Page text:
Analysts are predicting that 2011 could be the year when businesses begin to derive real benefit from Twitter and other social media.
There are some intriguing early successes in the environmental field. The electric car with the biggest public profile is the Nissan Leaf, launched in the US in December, 2010, and in the UK in March, 2011.
It already has a healthy presence on Twitter, publishing lively and informative messages such as “Did you know-pure EVs can be fully charged in around 30 minutes!”; “Charging the Leaf would cost as little as 3p a mile! “; “Cracker Barrel adds re-charging stations for electric cars. Want a plug-in with your fried chicken? “
The two main accounts, UKNissanLeaf and NissanLEAF, already have about 9000 followers between them. And Nissan are hardly on the streets with their all-electric car, which is also being supported by another form of social media, in which owners will “cloud” together to compare their mileage.
The US (Oregon-based) electric motorbike manufacturer Brammo, with over 15,000 followers, is doing even better. The company has been producing its first all electric model, the Enertia (80-mile range), for some time. But ever since it announced its new model, the Empulse, due out in early 2011, it has bombarded the Twittersphere with reminders of the new bike’s capabilities, promising 100 miles per charge (on one model), with speeds of 100 mph.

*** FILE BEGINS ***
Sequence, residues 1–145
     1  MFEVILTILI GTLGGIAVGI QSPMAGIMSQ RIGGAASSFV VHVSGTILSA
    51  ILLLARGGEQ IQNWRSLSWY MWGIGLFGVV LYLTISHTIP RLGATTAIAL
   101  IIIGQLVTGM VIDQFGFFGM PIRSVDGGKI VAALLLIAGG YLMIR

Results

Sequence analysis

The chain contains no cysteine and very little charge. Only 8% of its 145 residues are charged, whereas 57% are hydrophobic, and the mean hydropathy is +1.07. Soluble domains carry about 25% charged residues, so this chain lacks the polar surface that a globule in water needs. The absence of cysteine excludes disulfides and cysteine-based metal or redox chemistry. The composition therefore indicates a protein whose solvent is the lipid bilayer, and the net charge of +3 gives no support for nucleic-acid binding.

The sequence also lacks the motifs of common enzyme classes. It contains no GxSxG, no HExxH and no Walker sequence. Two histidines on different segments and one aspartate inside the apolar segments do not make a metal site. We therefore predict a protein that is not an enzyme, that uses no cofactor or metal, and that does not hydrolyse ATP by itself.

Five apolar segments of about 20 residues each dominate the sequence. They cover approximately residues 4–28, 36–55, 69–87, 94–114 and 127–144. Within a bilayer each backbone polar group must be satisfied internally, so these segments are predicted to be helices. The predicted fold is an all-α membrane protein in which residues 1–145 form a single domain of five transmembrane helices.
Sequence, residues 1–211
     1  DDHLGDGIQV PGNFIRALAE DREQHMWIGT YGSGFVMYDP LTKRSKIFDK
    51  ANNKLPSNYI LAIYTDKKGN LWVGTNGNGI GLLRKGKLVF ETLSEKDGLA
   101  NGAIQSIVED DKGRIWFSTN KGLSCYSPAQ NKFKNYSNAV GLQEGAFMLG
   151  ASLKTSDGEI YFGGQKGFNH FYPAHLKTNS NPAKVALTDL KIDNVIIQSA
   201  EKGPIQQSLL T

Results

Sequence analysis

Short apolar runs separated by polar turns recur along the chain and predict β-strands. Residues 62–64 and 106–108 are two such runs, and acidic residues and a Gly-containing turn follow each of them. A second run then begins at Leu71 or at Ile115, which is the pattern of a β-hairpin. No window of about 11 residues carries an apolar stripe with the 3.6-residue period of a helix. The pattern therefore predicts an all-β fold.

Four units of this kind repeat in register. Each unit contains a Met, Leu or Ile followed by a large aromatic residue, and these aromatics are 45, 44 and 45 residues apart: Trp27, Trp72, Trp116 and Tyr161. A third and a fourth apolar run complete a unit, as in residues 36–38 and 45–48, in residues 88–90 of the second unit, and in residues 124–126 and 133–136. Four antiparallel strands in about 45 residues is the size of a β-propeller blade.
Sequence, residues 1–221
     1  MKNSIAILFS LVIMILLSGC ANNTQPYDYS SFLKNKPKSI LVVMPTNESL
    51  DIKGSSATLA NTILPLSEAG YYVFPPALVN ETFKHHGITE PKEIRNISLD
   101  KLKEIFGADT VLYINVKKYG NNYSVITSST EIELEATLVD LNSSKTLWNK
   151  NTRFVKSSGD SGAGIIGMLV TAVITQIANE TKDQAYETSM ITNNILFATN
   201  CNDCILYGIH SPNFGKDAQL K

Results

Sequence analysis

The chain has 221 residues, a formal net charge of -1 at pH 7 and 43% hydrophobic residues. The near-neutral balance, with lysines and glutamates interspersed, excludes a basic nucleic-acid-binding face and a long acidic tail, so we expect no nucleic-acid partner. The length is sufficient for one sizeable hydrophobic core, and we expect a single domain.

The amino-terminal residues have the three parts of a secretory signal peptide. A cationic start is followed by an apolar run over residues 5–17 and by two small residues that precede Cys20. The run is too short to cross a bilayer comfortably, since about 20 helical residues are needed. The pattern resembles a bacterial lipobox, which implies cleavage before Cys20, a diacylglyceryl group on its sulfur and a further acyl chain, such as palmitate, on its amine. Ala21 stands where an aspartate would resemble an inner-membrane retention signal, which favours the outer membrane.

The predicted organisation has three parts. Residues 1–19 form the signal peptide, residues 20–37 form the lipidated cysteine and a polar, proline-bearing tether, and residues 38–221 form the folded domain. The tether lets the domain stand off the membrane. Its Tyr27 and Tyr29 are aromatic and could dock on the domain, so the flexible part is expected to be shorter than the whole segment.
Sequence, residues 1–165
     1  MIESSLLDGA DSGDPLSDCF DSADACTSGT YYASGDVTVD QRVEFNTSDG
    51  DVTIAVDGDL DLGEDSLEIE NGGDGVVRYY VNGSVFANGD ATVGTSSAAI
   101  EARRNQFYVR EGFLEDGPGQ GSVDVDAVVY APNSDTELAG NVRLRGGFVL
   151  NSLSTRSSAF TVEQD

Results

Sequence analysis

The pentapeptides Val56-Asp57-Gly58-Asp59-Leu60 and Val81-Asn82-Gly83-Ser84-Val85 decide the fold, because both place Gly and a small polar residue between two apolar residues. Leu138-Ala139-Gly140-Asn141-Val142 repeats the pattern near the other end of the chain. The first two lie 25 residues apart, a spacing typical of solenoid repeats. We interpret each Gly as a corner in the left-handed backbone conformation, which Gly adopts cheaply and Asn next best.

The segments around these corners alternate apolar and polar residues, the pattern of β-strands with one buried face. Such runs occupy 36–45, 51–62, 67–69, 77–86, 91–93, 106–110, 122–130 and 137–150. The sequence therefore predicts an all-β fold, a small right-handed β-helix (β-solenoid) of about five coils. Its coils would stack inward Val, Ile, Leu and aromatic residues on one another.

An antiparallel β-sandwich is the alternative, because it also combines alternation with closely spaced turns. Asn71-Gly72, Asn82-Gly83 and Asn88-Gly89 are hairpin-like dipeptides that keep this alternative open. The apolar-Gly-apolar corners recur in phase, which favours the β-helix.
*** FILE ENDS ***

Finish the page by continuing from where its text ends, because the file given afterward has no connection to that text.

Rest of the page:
It’s too early yet to measure what the number of Twitter followers a company has means to its bottom line. Blogger Jeffery Gitomer lists companies embracing social media, including Starbucks, Burger King, IBM, Procter & Gamble, Ford and Zappos.
He writes (www.fwdailynews.com): “All of these companies, business to business or business to consumer, emphasize the same word in their philosophy and their outreach: ‘community.’ They all recognize that their customers have a voice, and by listening and responding to them, they’re discovering benefit and profit.”
For my part, I feel myself, without having to open a newspaper, or read a web news sites, in close touch with the development of two important players in clean transport. I like the vision and ambition of Nissan, but I find the cheerfully insistent Brammo marketing fascinating.
The motorbike isn’t yet available in the UK, and it could be some time before they set up a sales operation here. But in due course I have no doubt I will be told when the first model goes on sale, who is buying it, and what the mileage is, all in the form of tweets I can read on my mobile phone in a second.
Who knows, one day I might even buy one. And you could probably chalk that sale down to Twitter.